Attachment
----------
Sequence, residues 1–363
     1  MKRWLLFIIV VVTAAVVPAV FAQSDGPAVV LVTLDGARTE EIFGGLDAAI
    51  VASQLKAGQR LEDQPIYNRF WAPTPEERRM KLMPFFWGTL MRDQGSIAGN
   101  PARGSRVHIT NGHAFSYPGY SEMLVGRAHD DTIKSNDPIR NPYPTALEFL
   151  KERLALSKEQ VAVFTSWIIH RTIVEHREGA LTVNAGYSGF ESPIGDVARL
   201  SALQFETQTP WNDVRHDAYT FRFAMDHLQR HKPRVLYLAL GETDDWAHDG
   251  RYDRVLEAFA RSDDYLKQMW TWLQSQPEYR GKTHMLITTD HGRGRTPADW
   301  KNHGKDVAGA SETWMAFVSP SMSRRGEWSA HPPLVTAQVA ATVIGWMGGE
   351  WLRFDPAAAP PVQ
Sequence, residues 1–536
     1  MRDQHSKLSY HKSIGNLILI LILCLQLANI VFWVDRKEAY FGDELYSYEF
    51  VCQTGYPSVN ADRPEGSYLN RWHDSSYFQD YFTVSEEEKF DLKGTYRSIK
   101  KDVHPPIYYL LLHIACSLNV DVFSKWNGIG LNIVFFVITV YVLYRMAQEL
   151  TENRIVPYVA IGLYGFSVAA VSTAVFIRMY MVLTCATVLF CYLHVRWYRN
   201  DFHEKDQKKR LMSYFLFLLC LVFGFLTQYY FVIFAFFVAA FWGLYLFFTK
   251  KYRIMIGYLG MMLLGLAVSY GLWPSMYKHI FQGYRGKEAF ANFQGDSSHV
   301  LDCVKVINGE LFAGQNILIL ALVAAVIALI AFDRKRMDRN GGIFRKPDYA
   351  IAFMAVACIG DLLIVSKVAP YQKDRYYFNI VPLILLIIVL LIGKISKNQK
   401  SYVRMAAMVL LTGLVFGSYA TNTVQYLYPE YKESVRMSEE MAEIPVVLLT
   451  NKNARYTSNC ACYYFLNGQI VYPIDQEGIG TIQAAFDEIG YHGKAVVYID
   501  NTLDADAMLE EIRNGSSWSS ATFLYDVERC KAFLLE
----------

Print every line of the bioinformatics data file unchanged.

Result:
Sequence, residues 1–363
     1  MKRWLLFIIV VVTAAVVPAV FAQSDGPAVV LVTLDGARTE EIFGGLDAAI
    51  VASQLKAGQR LEDQPIYNRF WAPTPEERRM KLMPFFWGTL MRDQGSIAGN
   101  PARGSRVHIT NGHAFSYPGY SEMLVGRAHD DTIKSNDPIR NPYPTALEFL
   151  KERLALSKEQ VAVFTSWIIH RTIVEHREGA LTVNAGYSGF ESPIGDVARL
   201  SALQFETQTP WNDVRHDAYT FRFAMDHLQR HKPRVLYLAL GETDDWAHDG
   251  RYDRVLEAFA RSDDYLKQMW TWLQSQPEYR GKTHMLITTD HGRGRTPADW
   301  KNHGKDVAGA SETWMAFVSP SMSRRGEWSA HPPLVTAQVA ATVIGWMGGE
   351  WLRFDPAAAP PVQ
Sequence, residues 1–536
     1  MRDQHSKLSY HKSIGNLILI LILCLQLANI VFWVDRKEAY FGDELYSYEF
    51  VCQTGYPSVN ADRPEGSYLN RWHDSSYFQD YFTVSEEEKF DLKGTYRSIK
   101  KDVHPPIYYL LLHIACSLNV DVFSKWNGIG LNIVFFVITV YVLYRMAQEL
   151  TENRIVPYVA IGLYGFSVAA VSTAVFIRMY MVLTCATVLF CYLHVRWYRN
   201  DFHEKDQKKR LMSYFLFLLC LVFGFLTQYY FVIFAFFVAA FWGLYLFFTK
   251  KYRIMIGYLG MMLLGLAVSY GLWPSMYKHI FQGYRGKEAF ANFQGDSSHV
   301  LDCVKVINGE LFAGQNILIL ALVAAVIALI AFDRKRMDRN GGIFRKPDYA
   351  IAFMAVACIG DLLIVSKVAP YQKDRYYFNI VPLILLIIVL LIGKISKNQK
   401  SYVRMAAMVL LTGLVFGSYA TNTVQYLYPE YKESVRMSEE MAEIPVVLLT
   451  NKNARYTSNC ACYYFLNGQI VYPIDQEGIG TIQAAFDEIG YHGKAVVYID
   501  NTLDADAMLE EIRNGSSWSS ATFLYDVERC KAFLLE